Working from home or hardly working?
No more waking up ridiculously early. No more road rage before the day has even began. No more small talk with the office idiots. No more distractions.
But more importantly, no more working from home for Yahoo staff.
New, well not really new at all, CEO Marissa Mayer has sparked international debate after banning her staff from working from home, with critics believing the company will suffer as a result.
Do these critics work from home by any chance?
Working from home is the norm for most workers nowadays, given the huge advancements in technology and BYOD devices.
Some argue you are free to do as you please, and depending on which worker you ask - this can be both a good and bad thing.
Free to do as you please for us hard-working folk means having a phenomenal, over the top adjective required, amount of self-discipline to get your head down and plough through the workload even when nobody is watching.
On the flip side, do as you please can literally mean just that. A bit of midday TV, spot of lunch with the friends, trip to the beach and a general neglect of responsibilities.
Granted, working from home means you no longer need to humour the office idiot. Wait a minute, we don't have an office idiot…if you think that, then chances are you are the office idiot.
So with no corridor shuffling and colleague dodging needed from the confines of your own four walls, what's the bad aspects of working from home?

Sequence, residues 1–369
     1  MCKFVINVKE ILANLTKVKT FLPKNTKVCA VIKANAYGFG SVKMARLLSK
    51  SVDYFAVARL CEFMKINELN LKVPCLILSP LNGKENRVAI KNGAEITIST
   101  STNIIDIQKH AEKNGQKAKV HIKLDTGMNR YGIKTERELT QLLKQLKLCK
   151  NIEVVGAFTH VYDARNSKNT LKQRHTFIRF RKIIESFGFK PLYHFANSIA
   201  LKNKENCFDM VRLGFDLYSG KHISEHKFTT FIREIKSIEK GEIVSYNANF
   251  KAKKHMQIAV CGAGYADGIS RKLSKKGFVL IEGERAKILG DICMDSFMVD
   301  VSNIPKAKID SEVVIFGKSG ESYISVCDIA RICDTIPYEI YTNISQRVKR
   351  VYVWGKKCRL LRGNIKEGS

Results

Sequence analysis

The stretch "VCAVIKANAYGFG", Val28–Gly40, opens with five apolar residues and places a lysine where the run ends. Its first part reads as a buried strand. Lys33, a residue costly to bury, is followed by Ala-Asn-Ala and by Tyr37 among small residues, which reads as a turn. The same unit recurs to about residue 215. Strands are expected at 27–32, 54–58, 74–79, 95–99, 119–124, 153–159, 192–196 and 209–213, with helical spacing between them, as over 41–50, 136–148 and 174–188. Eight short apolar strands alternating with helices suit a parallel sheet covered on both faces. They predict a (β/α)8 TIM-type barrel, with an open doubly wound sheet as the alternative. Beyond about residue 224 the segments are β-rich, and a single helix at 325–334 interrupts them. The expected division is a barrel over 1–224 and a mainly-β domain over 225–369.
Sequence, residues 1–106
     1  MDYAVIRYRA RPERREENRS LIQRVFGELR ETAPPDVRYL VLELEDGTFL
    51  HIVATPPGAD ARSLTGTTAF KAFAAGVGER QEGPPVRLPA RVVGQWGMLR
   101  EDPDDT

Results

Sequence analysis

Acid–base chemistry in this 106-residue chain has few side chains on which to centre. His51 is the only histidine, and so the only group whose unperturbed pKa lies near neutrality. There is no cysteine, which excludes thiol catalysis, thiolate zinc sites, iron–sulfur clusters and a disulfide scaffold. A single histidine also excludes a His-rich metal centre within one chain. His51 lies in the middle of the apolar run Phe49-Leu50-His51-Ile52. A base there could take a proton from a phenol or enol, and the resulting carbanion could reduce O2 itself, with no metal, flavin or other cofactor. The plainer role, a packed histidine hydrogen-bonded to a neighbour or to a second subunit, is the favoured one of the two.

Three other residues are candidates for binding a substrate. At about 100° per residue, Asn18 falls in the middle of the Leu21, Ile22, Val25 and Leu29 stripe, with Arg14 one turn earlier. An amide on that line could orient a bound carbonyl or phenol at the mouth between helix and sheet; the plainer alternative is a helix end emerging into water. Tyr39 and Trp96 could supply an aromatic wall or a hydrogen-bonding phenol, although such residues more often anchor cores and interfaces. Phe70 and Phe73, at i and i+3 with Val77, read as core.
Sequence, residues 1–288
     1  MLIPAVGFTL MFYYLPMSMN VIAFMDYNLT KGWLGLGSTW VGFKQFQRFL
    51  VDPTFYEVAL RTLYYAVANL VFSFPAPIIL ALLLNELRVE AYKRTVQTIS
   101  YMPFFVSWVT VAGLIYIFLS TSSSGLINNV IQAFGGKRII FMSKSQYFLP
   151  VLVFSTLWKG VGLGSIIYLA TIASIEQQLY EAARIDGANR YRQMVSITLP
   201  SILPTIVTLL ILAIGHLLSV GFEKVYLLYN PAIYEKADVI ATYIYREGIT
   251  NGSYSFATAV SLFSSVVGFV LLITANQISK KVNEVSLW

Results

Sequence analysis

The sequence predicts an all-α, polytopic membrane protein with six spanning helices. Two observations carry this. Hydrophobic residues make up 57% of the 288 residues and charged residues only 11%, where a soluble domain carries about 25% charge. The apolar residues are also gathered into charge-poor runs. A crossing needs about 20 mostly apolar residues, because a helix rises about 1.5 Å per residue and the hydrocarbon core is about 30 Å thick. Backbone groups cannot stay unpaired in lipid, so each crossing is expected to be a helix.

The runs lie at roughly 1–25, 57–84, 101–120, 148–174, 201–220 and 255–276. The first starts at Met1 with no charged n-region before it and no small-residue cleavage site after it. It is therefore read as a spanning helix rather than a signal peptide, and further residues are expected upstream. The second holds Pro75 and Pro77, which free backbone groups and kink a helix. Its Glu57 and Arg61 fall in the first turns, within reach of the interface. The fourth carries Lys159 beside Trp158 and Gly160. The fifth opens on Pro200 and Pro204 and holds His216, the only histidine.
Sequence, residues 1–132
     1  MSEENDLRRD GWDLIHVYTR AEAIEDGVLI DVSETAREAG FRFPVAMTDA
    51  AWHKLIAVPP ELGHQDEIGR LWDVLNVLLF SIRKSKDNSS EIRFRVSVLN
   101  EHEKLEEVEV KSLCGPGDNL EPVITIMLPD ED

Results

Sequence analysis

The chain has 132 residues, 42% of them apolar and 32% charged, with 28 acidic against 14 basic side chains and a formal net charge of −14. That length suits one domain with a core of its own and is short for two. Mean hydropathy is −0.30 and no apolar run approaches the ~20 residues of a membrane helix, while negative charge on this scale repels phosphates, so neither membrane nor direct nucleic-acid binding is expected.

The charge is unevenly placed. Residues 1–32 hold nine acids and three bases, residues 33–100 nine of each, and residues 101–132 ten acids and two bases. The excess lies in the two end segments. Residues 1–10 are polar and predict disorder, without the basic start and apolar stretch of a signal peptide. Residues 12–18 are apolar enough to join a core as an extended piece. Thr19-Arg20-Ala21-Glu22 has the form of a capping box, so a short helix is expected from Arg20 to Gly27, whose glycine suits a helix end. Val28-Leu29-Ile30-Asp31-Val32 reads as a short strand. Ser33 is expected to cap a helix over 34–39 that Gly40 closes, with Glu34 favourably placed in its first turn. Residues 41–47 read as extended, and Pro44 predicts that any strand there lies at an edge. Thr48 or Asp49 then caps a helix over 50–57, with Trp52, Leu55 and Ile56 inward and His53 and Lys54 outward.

Aside from the huge self-motivation needed, bouncing ideas off co-workers becomes harder, not impossible but harder than in person.
"Some of the best decisions and insights come from hallway and cafeteria discussion, meeting new people, and impromptu team meetings," said Mayer's memo. "Speed and quality are often sacrificed when we work from home."
Even taking productivity out of the equation, from a selfish viewpoint imagine this.
Had a bad day at work? Can't wait to leave the office and relax? Fat chance. You live in your office. Forget taking work home with you, it's already there, kipping on your couch every night like an unwanted stranger.
However the precious timesaving aspect of working from home understandably plays a big part in most people's decision to uproot from their office cubicle. And correctly so. Why waste two hours a day sat in traffic when you could be doing something more productive?
But if advice can be offered to those mulling with the idea, ask yourself whether this style of work fits in best with your own personality and way of working.
Nail the answer to that and you have yourself a strong working plan going forward, at home or at the office.
Is working from home productive? Tell us your experiences below